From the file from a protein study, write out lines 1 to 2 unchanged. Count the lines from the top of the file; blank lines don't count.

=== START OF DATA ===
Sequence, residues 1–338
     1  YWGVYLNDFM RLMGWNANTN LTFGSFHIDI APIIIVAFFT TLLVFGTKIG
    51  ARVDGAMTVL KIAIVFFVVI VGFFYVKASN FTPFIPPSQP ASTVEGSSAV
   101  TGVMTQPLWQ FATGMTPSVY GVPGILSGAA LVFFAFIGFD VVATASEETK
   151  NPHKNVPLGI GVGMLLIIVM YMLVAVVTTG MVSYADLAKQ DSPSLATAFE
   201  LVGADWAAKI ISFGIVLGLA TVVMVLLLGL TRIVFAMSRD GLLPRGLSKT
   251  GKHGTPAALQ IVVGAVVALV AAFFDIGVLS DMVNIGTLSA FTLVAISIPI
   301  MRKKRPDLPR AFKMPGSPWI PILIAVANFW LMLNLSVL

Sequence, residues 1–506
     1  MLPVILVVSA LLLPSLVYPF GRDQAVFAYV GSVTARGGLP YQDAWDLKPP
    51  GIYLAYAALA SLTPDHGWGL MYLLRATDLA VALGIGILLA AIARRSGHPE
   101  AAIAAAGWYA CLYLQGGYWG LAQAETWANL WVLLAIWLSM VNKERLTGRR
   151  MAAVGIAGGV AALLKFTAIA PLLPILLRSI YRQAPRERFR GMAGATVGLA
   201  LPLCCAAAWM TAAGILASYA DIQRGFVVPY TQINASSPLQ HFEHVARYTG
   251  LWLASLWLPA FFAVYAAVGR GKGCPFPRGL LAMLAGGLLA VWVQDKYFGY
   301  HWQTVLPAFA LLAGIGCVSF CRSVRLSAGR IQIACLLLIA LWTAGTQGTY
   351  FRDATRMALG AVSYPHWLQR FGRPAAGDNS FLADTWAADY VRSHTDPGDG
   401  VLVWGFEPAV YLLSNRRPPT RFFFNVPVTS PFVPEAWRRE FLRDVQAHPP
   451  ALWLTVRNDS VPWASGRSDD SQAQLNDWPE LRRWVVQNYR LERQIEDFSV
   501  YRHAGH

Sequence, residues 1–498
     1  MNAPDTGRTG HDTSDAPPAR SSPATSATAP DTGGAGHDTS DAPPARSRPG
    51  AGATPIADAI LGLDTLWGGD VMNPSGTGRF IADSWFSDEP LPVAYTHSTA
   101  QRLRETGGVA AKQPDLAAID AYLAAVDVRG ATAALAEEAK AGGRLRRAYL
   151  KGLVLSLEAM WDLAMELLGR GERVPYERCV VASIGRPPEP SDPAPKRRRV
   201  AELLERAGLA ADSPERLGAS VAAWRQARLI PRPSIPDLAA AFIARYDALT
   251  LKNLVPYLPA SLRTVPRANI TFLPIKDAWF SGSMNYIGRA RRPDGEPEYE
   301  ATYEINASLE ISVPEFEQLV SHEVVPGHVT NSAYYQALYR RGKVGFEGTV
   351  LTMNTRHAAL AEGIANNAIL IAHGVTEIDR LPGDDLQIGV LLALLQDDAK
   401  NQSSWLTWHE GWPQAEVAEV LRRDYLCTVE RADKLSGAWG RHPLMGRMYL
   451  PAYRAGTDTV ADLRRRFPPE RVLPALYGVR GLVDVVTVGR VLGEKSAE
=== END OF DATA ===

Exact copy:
Sequence, residues 1–338
     1  YWGVYLNDFM RLMGWNANTN LTFGSFHIDI APIIIVAFFT TLLVFGTKIG